Sylvia St. James – 1980 – Magic
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To be honest a few months ago I had no idea who Sylvia St. James was. But my dear friend MsMerising reminded me she was first a member of Side Effect and that she had also released a great album in 1980 called “Magic”. MsM proceeded to than email me several songs that impressed me and of course, I began my odyssey to find the vinyl. Finally (after a few missed shots) I got my hands on it and here it is! I asked MsMerising to write a short bio on Sylvia’s career as well as a review. All writing below (except where noted) is all her own.
This is a @320 vinyl rip of my original Elektra record with covers.
A1. Can’t Make You Mine 3.24
A2. Better Things 4.48
A3. Ghetto Lament 5.00
A4. Let Love Groove Me 3.37
B1. Motherland 5.08
B2. Black Diamond 4.22
B3. Magic Minstrel 3.50
B4. So I Say To You 3.22
B5. Almaz Interlude 1.00
Sylvia St. James was born and raised in Waukeegan, Illinois. Later in life she would re-locate to the Los Angeles area and for a year and a half would live in an Ashram. Reflecting on this period Sylvia revealed that “…It was while I was at the Ashram that I got seriously involved with music. It just happened that everyone I lived with was a musician and when the Ashram broke up, I made a conscious decision to be a professional musician and dancer” (1). Not long after Sylvia came under the employ of the Mike Curb Congregation, which was her first professional foray into the Pop music scene. Sylvia sang back-up vocals both live and on recordings for a myriad of artists such as Connie Francis, the Pointer Sisters, Ronnie Laws, George Duke, Roland Bautista, Willie Bobo & Frank Zappa.
In 1977 she would become the 3rd female vocalist for L.A. based group Side Effect. Sylvia would stay with the band through 2 albums – ‘Goin’ Bananas’ (recorded in 1977 and featuring the rare-groove classic “Private Joy”) and ‘Rainbow Visions’ in 1978.
In 1980 Sylvia cut her debut album for Elektra. Entitled ‘Magic’, the album is unique for an 80’s project due to its thoughtful, conscious approach with lyrics that reflect somewhat mystical leanings. Producers Lenny White (Return To Forever, Twennynine) & Larry Dunn (Earth, Wind & Fire) bring Sylvia’s strong vocal style to the fore and compliment it perfectly with a light jazzy R&B sound, adding flourishes of lushness where needed.
Opening with the sweet boogie bounce of “Can’t Make You Mine” things continue to groove along with the light funk of “Better Things”. Propelled forward by bass, swirling strings, handclaps & the tinker of cowbells it’s a supreme lyrical disco manifesto celebrating empowerment & a hard work ethic atop the beat. Uplifting boogie at it’s best; the applause at the end of the song is deserved.
The celebration of rich, Black legacies was a theme many musicians explored after the gains of the Civil Rights Movement as a way of celebrating positive, black images. Such themes of empowerment are also found on this album with the strongest being “Motherland”. It’s opens with rumbling bass & touches of Eastern-inspired strings to conjure up scenes of majesty. The song aims to paint a sweeping, grandiose picture in awe of the architectural marvels of Ancient Egypt. But behind that awe of that past lays a deep-rooted connection that echoes very much in the present:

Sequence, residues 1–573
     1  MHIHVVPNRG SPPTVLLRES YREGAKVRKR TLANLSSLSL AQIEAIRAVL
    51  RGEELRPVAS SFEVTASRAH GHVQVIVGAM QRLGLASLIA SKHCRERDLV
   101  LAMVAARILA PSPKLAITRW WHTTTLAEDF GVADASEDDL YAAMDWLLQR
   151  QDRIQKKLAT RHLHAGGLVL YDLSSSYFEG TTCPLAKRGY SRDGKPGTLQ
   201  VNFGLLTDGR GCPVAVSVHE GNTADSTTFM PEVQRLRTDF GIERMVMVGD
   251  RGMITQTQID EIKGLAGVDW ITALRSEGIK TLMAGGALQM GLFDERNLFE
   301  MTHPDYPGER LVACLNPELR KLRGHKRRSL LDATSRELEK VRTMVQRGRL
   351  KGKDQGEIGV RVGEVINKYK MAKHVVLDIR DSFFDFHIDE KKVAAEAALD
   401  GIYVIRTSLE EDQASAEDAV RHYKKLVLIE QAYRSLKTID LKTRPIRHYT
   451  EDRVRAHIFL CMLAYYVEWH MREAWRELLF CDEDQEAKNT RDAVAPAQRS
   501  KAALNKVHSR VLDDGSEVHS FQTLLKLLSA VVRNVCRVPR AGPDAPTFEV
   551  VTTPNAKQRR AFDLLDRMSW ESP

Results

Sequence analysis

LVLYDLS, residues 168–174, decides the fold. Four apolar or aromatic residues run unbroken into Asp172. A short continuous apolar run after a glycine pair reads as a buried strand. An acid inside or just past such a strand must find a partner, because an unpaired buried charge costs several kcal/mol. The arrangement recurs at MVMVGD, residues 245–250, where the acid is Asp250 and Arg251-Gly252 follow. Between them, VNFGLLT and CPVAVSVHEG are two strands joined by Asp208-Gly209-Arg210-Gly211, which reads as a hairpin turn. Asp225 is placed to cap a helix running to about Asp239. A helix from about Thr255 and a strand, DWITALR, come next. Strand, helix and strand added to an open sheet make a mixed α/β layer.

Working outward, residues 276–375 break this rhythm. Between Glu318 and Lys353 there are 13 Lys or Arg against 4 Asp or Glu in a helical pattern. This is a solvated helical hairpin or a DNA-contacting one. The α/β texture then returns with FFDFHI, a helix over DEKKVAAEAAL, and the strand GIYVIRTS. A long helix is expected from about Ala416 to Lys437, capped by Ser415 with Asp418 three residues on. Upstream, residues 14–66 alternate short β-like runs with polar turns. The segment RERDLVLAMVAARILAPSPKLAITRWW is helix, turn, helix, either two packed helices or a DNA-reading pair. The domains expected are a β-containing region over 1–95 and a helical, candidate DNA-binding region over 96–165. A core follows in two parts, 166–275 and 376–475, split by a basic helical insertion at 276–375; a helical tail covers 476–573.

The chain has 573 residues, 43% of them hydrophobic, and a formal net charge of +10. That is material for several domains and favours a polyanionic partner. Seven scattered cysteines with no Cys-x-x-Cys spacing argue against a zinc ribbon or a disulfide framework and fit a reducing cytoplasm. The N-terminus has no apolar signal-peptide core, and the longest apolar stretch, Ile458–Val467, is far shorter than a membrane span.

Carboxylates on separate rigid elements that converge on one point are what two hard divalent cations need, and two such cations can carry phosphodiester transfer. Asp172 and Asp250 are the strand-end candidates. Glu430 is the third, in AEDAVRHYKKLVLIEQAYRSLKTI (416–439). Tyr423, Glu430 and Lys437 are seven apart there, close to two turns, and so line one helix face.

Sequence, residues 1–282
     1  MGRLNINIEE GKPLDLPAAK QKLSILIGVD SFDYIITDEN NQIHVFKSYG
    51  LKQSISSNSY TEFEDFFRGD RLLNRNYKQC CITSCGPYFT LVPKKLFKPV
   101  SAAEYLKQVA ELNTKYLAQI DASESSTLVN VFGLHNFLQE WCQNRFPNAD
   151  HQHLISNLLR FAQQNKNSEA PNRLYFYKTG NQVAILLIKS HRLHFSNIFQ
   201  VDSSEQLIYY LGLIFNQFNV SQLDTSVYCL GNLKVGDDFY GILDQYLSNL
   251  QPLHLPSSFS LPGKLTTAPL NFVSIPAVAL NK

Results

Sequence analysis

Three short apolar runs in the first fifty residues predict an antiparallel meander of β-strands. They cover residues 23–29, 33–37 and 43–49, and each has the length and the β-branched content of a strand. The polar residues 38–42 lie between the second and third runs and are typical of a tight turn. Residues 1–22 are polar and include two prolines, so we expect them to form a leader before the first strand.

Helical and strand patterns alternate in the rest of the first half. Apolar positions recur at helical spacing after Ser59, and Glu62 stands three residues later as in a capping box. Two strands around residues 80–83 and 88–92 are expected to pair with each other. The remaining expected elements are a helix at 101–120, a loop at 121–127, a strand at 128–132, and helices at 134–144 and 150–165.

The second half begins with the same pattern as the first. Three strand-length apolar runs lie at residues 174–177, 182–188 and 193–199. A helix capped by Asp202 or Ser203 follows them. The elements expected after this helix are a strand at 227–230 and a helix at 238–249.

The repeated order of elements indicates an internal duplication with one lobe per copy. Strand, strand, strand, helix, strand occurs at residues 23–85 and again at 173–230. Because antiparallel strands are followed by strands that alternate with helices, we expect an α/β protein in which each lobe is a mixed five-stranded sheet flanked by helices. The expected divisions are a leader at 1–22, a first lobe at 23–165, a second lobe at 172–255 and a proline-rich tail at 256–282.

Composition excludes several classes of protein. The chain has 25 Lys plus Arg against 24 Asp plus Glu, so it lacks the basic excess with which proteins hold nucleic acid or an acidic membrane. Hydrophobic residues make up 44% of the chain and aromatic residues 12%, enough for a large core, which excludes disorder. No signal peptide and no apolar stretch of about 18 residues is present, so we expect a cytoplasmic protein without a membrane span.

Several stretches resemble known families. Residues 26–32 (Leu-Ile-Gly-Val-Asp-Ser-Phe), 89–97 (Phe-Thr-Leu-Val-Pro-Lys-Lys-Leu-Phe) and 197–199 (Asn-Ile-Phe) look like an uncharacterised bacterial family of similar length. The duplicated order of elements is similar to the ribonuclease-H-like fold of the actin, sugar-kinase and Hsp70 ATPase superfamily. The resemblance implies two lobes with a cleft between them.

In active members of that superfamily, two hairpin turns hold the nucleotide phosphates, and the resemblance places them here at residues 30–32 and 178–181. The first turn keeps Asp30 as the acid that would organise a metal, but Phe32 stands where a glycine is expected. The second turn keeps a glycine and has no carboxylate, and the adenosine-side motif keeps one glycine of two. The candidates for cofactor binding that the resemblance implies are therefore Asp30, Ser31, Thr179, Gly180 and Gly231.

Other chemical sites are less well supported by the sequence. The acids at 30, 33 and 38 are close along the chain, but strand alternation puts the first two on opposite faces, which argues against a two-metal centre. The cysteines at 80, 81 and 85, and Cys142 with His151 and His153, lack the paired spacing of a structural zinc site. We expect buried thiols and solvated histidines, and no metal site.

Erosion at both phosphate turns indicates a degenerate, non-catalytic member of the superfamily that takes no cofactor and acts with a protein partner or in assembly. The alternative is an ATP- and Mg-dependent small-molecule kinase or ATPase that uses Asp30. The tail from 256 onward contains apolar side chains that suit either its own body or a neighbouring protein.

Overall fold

“Mother, motherland. I must come back – back to you.
You hold the answer to what I know and feel is true.
Quench my thirst for my past; it’s so vast,
My life relived once more.
The albums grand opus arguably is “Ghetto Lament”. Co-penned by the incomparable Weldon Irvine the spoken dialogue between mother & child over a sweet piano solo adds further poignancy to an already moving song that indeed mourns the current state of poverty but holds hope that the future will bring about the changes needed to move people up and out of hardships.
The dreamy harp & string crescendos of “So I Say To You” create a beautifully intimate sonic cocoon. The chord structure will remind serious audiophiles of Don Blackman’s classic “Holding You, Loving You”. Not surprisingly, one scan of the LP’s credits will reveal that Don Blackman composed the track as well as played keyboards throughout the album. One suspects this track is the template for his own classic that would follow two years later.
Sylvia’s second LP for the label ‘Echoes & Images’ which was produced by Andre Fischer followed a more conventional, pop formula. In my opinion it sacrifices Sylvia’s very personal essence & unique vocal tone in an effort to secure hits. But it’s Sylvia’s ear for lyrics rooted in pride and affirmation as well as surrounding herself with stellar musicians that made ‘Magic’ such a jewel of an album. Her spirit rooted in the love-ethic of 1960’s soul, her vocal freedom honed through the jazz-fusion/rock projects in the 1970’s and her overall celebration of all things Divine and beautiful makes ‘Magic’ truly a bewitching slice of vinyl.
DID YOU KNOW?
* Sylvia is the featured vocalist on Family At Max’s 45” on the Sound Odyssey label? The single fetches for no less than $80 amongst collectors.
* Producer Madlib sampled “Ghetto Lament” for Talib Kweli’s “Eat To Live” (‘Eardrum’ 2007).
* Sylvia St. James is an in-demand choir director who has worked with artists diverse as Harry Connick Jnr. to Kanye West.
– MsMerising is an addict for fierce, funkin’ females who can sang. A relentless digger & researcher of obscure women artists in rare-groove/funk music she is currently in the embryonic stages of writing a book on the subject. Feel free to join her social network for music addicts at http://dustyfingers.ning.com
(1). Quotes taken from the 1977 press file which can be found at Concordmusicgroup.com